December 1, 2021

Humble pink flamingos are socially aware

Katie Keyser/living and leisure editor

Jenniferleigh Clune of Homer next to her latest flamingo yard vignette on introspection.

Jenniferleigh Clune used to think plastic pink flamingos were just flashy lawn ornaments.

Now she has a flock of 10. They’ve become a social statement and creative outlet on the lawn of her home on North Main Street, Homer, a new display every six to 10 weeks.

“I enjoy the creative aspect,” said Clune, a nurse practitioner and Homer Center Players actress.

Clune saw the movie, “Gnomeo and Juliet” when her kids were younger. She’s into Shakepeare and enjoyed the play on “Romeo and Juliet.”

“I forget when it came out,” Clune said Monday.

“2011,” said her daughter, Kaitlyn June, a college student who had her cell phone handy for research.

“It’s cute. My kids loved it. In it there’s a character, Mr. Featherstone, a one-legged pink flamingo,” said Jenniferleigh Clune.

Then she heard a National Public Radio report that Mr. Featherstone, Don Featherstone of Leominster, Mass., was the actual person who invented the pink flamingo.

“He passed in 2015,” Clune said.

Featherstone created the plastic pink flamingo in 1957. He worked at Union Products and the flamingo was one of 750 items he created for the company, according to the Massachusetts newspaper,

When Clune found an original Featherstone pink flamingo in an antique booth at the Homer Winterfest, it was all over.

Katie Keyser/living and leisure editor

The original Mr. Featherstone flamingo started it all for Jenniferleigh Clune. She bought this at the Homer Winterfest.

She acquired a couple more flamingos and had a “family” and started posing them in the yard.

For the last four years, she’s collected flamingos and now has a flock of 10, all the while creating scene vignettes with them.

When the Black Lives Matter march took place past her house in June, her pink flamingos were laying on the ground, just like Black man George Floyd, killed during a May 25 arrest in Minneapolis, when a white police officer kneeled on his neck for eight minutes, suffocating him.

The videotaped incident sparked a nationwide movement on racial injustice. Clune’s flamingos were among an “I can’t breathe” sign.

She promoted reading by gathering the flamingos around the “Read to Me” Cortland Reading Partnership sign, as if they were a family reading a book.

In March, she did a 6-feet apart flamingo installation to emphasize social distancing.
Now she’s got her flock settled and quiet, next to a swirling circle made by painted rocks, like a meditation wheel.

It’s a symbol of looking inward — “Reflection,” she said. “I think that’s what we are all doing now.”

Katie Keyser/living and leisure editor

Flamingos look inward, in pandemic times.

“It’s all art with common things. That’s what I like about it. It’s simple.”

“Jenniferleigh Clune is one of the most creative and organized people I know and that is a rare thing among creatives,” said Jim Coon of Cortland, a graphic designer and artist. He also directs the annual Chiller Haunted House at Halloween.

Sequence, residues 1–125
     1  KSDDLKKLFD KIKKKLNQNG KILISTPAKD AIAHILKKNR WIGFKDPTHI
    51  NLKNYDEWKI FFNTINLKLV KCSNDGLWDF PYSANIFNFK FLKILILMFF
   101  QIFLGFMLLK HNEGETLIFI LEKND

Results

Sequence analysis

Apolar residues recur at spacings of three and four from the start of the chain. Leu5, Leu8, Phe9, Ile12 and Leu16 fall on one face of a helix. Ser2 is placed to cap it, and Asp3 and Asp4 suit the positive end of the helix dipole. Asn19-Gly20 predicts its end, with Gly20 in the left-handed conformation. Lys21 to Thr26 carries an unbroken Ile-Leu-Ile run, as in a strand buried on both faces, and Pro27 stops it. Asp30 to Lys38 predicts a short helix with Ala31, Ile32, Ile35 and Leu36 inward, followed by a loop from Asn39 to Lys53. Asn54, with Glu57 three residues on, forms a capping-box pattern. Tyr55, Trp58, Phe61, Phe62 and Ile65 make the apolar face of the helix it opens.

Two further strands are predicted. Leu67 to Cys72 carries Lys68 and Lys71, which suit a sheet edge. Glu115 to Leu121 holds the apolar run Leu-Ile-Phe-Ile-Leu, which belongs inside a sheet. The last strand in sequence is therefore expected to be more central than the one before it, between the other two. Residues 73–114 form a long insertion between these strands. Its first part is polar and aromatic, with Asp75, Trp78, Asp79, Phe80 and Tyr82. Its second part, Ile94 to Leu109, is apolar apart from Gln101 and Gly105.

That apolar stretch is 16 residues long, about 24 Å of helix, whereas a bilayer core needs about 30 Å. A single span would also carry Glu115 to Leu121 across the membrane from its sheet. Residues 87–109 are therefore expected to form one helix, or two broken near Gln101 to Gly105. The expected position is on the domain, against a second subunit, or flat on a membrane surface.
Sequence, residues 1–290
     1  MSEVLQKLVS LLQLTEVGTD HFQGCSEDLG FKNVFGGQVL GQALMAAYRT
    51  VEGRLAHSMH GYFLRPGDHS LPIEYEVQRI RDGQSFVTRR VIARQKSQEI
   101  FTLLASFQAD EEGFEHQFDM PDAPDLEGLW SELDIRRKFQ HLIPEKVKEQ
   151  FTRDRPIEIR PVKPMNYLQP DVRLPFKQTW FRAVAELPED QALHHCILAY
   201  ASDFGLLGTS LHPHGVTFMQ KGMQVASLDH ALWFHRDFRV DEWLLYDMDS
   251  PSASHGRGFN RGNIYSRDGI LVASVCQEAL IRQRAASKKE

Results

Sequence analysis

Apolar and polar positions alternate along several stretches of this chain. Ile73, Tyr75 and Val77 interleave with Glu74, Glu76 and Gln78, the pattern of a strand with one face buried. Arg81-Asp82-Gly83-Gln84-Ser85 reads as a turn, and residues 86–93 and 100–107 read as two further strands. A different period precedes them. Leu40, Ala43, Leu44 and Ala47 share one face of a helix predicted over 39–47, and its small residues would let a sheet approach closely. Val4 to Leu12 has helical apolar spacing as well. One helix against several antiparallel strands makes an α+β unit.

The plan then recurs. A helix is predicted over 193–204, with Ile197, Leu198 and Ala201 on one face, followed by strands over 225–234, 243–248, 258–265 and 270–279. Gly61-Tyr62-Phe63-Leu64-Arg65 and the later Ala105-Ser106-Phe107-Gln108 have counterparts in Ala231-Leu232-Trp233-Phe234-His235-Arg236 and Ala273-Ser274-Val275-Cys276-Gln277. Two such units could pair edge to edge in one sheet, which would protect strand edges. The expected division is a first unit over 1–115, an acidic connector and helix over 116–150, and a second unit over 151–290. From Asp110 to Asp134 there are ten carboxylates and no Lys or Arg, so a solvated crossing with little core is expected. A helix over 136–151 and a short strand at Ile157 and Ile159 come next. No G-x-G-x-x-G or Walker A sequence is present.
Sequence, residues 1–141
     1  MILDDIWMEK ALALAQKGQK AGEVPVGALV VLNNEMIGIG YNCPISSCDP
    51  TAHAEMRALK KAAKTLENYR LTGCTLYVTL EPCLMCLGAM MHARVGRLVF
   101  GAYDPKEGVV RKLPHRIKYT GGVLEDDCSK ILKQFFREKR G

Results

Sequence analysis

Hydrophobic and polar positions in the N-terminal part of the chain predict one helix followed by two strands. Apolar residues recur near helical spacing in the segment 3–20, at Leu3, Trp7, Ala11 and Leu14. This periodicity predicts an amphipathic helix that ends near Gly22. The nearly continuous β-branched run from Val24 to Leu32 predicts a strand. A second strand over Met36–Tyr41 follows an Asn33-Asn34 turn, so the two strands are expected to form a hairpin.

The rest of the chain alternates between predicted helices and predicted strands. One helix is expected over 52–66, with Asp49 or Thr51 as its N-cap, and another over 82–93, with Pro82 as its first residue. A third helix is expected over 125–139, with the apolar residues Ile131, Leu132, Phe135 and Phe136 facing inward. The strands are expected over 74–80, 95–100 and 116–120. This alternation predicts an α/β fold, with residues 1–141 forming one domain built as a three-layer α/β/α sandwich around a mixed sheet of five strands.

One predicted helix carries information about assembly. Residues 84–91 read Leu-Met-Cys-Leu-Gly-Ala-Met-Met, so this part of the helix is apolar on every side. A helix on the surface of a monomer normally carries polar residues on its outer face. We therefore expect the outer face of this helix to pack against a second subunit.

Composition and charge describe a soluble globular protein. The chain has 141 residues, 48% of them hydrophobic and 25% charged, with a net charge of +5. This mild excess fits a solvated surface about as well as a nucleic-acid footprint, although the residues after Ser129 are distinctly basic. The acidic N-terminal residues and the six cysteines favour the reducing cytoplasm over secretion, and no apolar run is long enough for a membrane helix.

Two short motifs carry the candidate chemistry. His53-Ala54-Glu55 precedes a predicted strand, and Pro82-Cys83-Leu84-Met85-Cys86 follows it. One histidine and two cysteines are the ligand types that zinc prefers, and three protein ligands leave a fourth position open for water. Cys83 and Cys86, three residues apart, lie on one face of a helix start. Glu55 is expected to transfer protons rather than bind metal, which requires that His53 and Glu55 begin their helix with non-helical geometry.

“I met her while doing a show at the Center for the Arts and she has now become one of my best friends. Last year, when I was diagnosed with diabetes she stepped in and took the reins of the Chiller Haunted House making sure that things were organized … along with creating several of the scenarios and vignettes in the haunt itself. She also made sure that I was staying healthy physically and mentally.”

Charlie Spina, a neighbor, drove up to drop off two plants to Clune. Asked about the flamingo display:

“You need a big, big, one,” he said. “Did you ever see the Tampa Airport flamingo? The head is gigantic.”

Kaitlyn June promptly pulled up an image of the massive statue on her cellphone.

Clune’s next idea is to place a bucket of stones next to the flamingos and invite passers-by to create their own installation. If they photograph it and message the Clunes, they will post it to an Instagram account, whatsupfeatherstone, created by Kaitlyn June, a musical theater major.

“I am her social media manager,” Kaitlyn June said.

“I first noticed the flamingoes when I was walking in front of the house on the day of the Black Lives Matter march in Homer,” said Kim Allen of Homer. “They were all in a line symbolically lying on the sides of their faces. The meaning clear, the display stopped me, made me pause and reflect. Since then, I always look for them on my walks to see what they are doing. I know there will always be a message.”

Kaitlyn June Clune said she’s looked all over the internet to see if anyone else is making pink flamingo art. She hasn’t found anyone.

Clune knows of a neighbor with a few silver flamingos. Another has a flamingo and a bluebird metal sculpture. She knew of the Tompkins Street, Cortlandville, metal flamingos.

“And I know of ‘You’ve Been Flocked’ fundraisers, where people awake to find a flock of flamingos on their lawn, and they pay a fee to the charity to get rid of them,” she said.

Flamingos are out there. But they are not necessarily making a statement on the lawn.

A couple of zombie flamingos lurk the basement, Clune said. “Those come out at Halloween.